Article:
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Pushing the Limits of 3D and 4K

HONOLULU—Getting ahead of the technology curve is tough enough under the best of circumstances, let alone 37,000 feet under the sea, in a submersible only 43-inches in diameter. That was the challenge faced by reknowned explorer/producer James Cameron and his Business Partner/Technical Director Vince Pace, and by Director John Bruno and DP Jules O’Loughlin in producing “Deep Sea Challenge 3D,” a feature documentary about Cameron’s historic dive to the bottom of the Mariana Trench in the Western Pacific in collaboration with National Geographic TV. As a media technology pioneer as well, Cameron instructed his team to capture as much of the expedition in native 3D, as possible, and at the highest resolution feasible.

The DeepSea Challenger submersible on her first test in the ocean at Jervis Bay piloted by Jim Cameron. Photo by Mark Thiessen/National Geographic


It is worth noting that in 2012, when the expedition occurred, the practical options for capturing 4K, were far fewer than today. In fact, Red One and the Red Epic M were among the very few battle-tested 4K production cameras available. But due to the physical constraints that come with exploring a range of environments, the team couldn’t always use its Fusion 3D Rigs, with Epics, or any other camera, due to their bulk, weight (45-plus pounds) and vulnerability to ocean spray. Hence, they deployed a range of cameras of various sizes—and resolutions, from1080p to 5K—resulting in a hybrid ultra-HD production.

Since expedition planning began well before 2012, 4K cameras like Sony’s F65, F5, and F55 weren’t options for this project. Instead, Cameron’s crew used battle-tested Sony cameras like the P1 in two of their Fusion 3D rigs. For 4K and above, they started with Red Ones, then switched to the lighter, higher resolution Red Epics when they became available. The Epic was also the only “full-sized” camera deployed inside the tiny 43-inch sphere (dubbed the “DeepSea Challenger”), crammed with computers & electronics. In fact space was at such a premium, that the Epic had to be removed from the one-inch thick acrylic viewport whenever Cameron wanted a “live view” of the ocean during the dive.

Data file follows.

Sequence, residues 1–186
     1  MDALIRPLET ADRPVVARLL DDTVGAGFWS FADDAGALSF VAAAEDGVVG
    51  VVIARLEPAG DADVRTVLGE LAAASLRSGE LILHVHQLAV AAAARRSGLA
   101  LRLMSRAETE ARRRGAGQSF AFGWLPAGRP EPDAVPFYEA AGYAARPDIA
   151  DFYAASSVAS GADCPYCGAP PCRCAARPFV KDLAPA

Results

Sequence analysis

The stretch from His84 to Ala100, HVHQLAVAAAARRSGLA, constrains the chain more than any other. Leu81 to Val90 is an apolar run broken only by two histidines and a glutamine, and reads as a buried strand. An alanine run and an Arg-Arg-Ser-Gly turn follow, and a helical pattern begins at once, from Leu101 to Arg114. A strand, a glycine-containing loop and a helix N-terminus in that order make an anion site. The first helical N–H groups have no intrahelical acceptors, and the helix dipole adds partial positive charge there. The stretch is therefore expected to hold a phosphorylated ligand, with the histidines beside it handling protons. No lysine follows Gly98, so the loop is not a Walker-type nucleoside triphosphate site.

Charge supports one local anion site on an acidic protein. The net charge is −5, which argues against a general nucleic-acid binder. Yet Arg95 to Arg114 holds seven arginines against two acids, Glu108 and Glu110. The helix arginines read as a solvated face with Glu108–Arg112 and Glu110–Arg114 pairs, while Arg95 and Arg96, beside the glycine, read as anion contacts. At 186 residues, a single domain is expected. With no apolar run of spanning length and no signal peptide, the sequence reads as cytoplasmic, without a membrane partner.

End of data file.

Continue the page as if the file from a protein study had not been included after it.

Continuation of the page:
Inside the compact capsule, 3D GoPro Heroes captured Cameron’s every move. Outside the mini-sub, only one camera could withstand the 16,500 PSI pressure: An ultra-compact 3D “mini cam,” designed for the dive by engineer Blake Henry, imaging specialist Adam Gobi and Cameron-Pace-Group. The “mini-cams” were built around 10 MP 1/two-third-inch Aptina CMOS 1080p sensors, and were stuffed into an ultra-compact thumb-like housing, to minimize the odds of imploding under the bone-crushing pressure.

“We protected some of the electronics gear in the sphere with oil, which is denser than air, to reduce the ‘compressible volume,” Pace said. “With visual sensors, you have to wrap some air around them, but not too much, though. Larger 4K sensors and a bulkier camera body would have been at greater risk of implosion.”

DeepSea Challenger is hoisted into the Pacific on an unmanned dive to 11,000 meters at Challenger Deep. Photo by Mark Thiessen/National Geographic


Each of the mini-cams output a 10-bit 1080p/24 signal via 1.5G single mode fiber and was controlled by Cameron from the “pilot sphere.” One was mounted on the sub’s “manipulator arm” while the other was on a pan-tilt head attached to a 6-foot-plus carbon-fiber boom pole. The latter enabled Cameron to take “selfies” of the sub and provided a pair of outside eyes to examine and assess the condition of critical systems outside the sub, like the manipulator arm and lighting and ballast systems. Cameron also controlled a GoPro 3D mounted to an Israeli arm, from the viewport, early in the descent. Several 3D GoPro rigs were used at various stages of the dive.